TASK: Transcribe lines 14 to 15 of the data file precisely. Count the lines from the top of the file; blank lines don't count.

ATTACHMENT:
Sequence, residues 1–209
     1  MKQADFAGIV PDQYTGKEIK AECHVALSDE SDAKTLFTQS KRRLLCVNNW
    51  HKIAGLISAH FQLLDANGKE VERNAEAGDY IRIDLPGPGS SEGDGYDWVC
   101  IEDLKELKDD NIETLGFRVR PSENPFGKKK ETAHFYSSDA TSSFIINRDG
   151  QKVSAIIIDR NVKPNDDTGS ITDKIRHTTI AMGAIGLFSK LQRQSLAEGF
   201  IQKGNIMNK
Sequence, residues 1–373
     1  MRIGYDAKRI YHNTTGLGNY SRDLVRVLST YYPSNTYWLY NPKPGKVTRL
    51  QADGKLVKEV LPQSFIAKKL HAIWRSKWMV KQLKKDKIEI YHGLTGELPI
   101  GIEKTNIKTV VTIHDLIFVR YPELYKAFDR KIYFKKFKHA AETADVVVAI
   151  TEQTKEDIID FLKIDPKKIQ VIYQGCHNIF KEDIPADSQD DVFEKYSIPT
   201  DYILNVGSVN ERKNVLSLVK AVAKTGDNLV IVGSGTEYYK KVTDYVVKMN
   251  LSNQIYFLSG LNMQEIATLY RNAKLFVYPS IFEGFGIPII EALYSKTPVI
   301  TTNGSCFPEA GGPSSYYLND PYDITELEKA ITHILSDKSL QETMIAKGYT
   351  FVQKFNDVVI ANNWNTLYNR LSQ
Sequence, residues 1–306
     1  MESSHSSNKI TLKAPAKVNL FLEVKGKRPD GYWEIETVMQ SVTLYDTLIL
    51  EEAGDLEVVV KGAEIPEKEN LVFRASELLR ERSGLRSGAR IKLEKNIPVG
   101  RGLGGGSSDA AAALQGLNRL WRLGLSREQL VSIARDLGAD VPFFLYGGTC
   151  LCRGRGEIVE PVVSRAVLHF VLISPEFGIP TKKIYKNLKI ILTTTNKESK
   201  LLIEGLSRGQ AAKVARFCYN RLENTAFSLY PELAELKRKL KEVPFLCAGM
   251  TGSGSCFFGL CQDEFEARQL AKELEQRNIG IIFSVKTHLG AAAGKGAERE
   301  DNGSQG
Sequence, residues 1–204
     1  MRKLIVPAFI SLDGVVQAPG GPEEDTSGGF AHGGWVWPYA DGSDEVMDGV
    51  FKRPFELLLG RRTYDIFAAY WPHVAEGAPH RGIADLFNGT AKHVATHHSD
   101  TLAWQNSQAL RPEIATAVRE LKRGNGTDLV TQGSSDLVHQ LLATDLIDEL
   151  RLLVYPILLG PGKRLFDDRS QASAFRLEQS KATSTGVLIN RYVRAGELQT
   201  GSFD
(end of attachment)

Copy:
   301  TTNGSCFPEA GGPSSYYLND PYDITELEKA ITHILSDKSL QETMIAKGYT
   351  FVQKFNDVVI ANNWNTLYNR LSQ